What is MRP?

MRP – You hear it on the production floor, in management offices, and thrown around in conversations throughout the building, but do you truly understand what it is?

No matter your department or level, every employee of a manufacturing company should understand what Material Requirements Planning (MRP) is and how it impacts the bottom line. Put simply, a strong MRP system helps to manage the supply and demand of a product. It answers three critical questions for all production managers:

  • What materials are needed?
  • How much is needed?
  • When is it needed by?

A Quick History Lesson of MRP and MRP II Systems

The first MRP system was made in 1964 and most were software database applications. In the first initial adaptation, MRP stands for Materials Requirements Planning. Many large industries adopted this method like automotive, appliances, hardware, etc. By the 1980s, there were over 7500 companies utilizing MRP. These systems could track overall manufacturing planning such as production scheduling, inventory management of raw materials and products, with minor proposal and purchasing additions.

By the early 1980s, MRP II was available and currently stands for Manufacturing Resource Planning. The added features helped close the loop and help manage and entire manufacturing company.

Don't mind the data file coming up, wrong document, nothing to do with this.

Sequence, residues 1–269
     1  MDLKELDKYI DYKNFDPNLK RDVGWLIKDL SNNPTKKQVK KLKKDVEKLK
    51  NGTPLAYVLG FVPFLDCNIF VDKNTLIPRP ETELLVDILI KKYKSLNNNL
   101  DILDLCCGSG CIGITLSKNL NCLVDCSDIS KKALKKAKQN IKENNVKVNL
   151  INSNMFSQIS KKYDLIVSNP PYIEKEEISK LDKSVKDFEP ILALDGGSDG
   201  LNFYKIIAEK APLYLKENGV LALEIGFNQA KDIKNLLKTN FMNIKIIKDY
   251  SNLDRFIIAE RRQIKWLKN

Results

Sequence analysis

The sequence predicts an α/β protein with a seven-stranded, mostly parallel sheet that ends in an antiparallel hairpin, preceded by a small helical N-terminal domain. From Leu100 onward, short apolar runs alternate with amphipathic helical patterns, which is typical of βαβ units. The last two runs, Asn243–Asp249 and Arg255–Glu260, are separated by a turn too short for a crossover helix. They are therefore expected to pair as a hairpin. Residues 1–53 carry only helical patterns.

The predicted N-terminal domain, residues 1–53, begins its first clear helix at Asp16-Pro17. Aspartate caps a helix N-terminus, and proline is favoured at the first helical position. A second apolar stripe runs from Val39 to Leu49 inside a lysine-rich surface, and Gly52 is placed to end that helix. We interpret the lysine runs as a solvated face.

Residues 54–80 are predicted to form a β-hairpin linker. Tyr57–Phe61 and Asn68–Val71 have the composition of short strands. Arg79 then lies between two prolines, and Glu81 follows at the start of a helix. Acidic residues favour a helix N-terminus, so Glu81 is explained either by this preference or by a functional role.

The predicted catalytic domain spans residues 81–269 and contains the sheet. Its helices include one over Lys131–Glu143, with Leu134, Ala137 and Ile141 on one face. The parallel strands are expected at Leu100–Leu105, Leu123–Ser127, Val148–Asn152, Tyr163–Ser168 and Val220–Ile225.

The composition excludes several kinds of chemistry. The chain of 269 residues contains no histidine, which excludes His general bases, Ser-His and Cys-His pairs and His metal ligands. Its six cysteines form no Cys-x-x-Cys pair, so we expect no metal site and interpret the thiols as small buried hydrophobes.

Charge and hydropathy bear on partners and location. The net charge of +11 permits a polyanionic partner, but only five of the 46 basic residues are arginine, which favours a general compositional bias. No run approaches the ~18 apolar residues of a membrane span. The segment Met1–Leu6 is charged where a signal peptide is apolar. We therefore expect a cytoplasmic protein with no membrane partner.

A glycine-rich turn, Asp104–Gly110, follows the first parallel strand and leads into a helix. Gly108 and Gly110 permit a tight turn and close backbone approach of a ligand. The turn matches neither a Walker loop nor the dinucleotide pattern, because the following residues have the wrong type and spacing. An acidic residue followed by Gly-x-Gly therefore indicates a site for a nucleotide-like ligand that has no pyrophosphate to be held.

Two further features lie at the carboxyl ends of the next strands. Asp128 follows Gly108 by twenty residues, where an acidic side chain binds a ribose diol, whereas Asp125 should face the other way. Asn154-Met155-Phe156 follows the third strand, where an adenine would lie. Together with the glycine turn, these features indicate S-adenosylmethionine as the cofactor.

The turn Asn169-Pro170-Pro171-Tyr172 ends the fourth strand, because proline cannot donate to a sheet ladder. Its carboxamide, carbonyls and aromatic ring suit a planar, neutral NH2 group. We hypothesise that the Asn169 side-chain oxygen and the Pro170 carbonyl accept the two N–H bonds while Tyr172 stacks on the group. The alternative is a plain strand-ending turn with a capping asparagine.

MRP + Additional Closed Loop Features = MRP II

MRP II is an all-inclusive software system to this day.  It ties many of the cross-functional areas of a business from manufacturing scheduling to Bill of Materials (BOM) to inventory, plus materials planning.  However, both systems have since evolved even more to become a component of Enterprise Resource Planning (ERP).

Benefits of MRP for Process Manufacturers

Especially for those businesses with complex production plans, a reliable MRP system helps to ensure the right amount of materials are available, for the right  products, at the right time. For example, it’s not uncommon for process manufacturers to produce a single product that requires ingredients from 4 or 5 different vendors. They all have their own unique availability and shipping timeframes. Without a strong understanding and management of those details, a facility can be left with too much or too little inventory. These companies find themselves with:

  • Material waste
  • Production holds
  • Schedule delays
  • Missed delivery dates
  • Product shortages

Most of the time it is up to the decisions made by the purchasing and production MRP users to avoid these situations but they are constantly faced with concerns of data integrity. Trying to manually maintain spreadsheets or juggle disparate software systems, all points to the lack of a central data source to deliver consistency throughout the entire organization. Throw on top of that the vulnerability of human error and you easily make the most seasoned of production managers cringe.

An effective MRP structure is one that is native component of a comprehensive ERP platform. In this type of ERP environment, MRP can provide planning managers with an understanding of how to make the right business decisions – not just spit out a list of what to purchase next.

If you’re interested in learning more about the MRP capabilities within Deacom ERP, contact us today.